Israel's 'risky' vaccination drive has 'paid off' despite third lockdown
Michael Gray


Israel has triggered a third national lockdown after Prime Minister Benjamin Netanyahu warned the pandemic was "spreading at top speed," including some cases of the more transmissible variant of the disease first identified in the UK.

Prior to the new restrictions, Israel had been dominating global headlines for emerging as a world leader in vaccine roll-out.

The country has distributed vaccines to nearly 15 percent of its 9 million population in around two weeks, administering jabs to 150,000 people per day.



Manfred Green, professor of epidemiology at the University of Haifa, says there are two key reasons behind the rapid speed of Israel's vaccination program.

Firstly, "Israel was very proactive in taking out options on the vaccines, which was kind of risky in terms of the amount of money that was spent, but in the end, it paid off and we've be able to access several vaccines," explains Green.

Israeli authorities have not disclosed what they paid for the vaccine developed by U.S. pharmaceutical giant Pfizer and its German partner BioNTech, but reports claim the country is paying around $30 per dose, a considerable premium to other countries.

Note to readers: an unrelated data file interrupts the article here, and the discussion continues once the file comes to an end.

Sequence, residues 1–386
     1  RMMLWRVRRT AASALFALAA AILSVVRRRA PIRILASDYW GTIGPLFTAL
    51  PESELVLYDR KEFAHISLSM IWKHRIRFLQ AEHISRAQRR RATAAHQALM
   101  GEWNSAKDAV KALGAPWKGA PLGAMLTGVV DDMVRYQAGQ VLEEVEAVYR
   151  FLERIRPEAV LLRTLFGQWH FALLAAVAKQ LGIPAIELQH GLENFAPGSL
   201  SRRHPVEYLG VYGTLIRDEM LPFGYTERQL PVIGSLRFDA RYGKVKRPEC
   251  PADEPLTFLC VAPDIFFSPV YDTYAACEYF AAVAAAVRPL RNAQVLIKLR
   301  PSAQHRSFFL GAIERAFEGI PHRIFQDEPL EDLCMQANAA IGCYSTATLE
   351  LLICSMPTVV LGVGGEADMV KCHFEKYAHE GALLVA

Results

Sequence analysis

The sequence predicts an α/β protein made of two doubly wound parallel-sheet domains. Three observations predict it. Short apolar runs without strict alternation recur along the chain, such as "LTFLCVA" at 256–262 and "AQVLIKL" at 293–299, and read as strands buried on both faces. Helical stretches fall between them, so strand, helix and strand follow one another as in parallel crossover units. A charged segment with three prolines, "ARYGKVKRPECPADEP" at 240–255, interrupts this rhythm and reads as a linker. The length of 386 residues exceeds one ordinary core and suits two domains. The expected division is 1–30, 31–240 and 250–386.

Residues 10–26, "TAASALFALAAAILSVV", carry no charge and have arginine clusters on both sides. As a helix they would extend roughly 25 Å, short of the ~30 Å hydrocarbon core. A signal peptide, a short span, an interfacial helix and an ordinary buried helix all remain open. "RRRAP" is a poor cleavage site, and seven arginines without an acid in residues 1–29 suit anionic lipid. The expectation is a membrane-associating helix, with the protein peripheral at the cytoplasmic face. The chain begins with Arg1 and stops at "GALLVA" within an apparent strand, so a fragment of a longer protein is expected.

The second reason, says Green, is Israel's centralized health system.

Every Israeli is legally required to join one of the country's four public health bodies, known as Health Maintenance Organizations (HMOs), which are renowned for digital data gathering and overall efficiency.

The country's health minister, Yuli Edelstein, told the New York Times that the HMOs' reputation helped it in "early bird" negotiations with pharmaceutical firms, effectively presenting Israel as a good place to pilot a mass-vaccination program. 

On a practical level, HMOs make it "very easy to organize scheduling appointments, to actually have vaccinations," according to Green.

The Israeli government's vaccination campaign has yet to include Palestinians living in the occupied West Bank and Gaza Strip, despite scrutiny and outrage from human rights groups.

"There's a saying," says Green: "You're not safe until everybody's safe, so we really do have to take into account that we are part of a region, and certainly the Palestinians are intimately associated with us, and I really do believe that we need to make an effort to make sure that they have access to vaccines."

Adding: "I think we should involve the World Health Organization as much as possible and, of course, we are in touch with our Palestinian neighbors and hopefully there will be ways now to get access to vaccines."

Israel's vaccine program has begun ahead of a general election in March, the country's fourth election in two years.

Prime Minister Benjamin Netanyahu, who is on trial for alleged corruption, fraud and breach of trust, is hoping to return to office for a sixth time.

Netanyahu's opponents have accused the prime minister's right-wing Likud party of using the vaccination campaign for political gain.

Source(s): Reuters ,AFP

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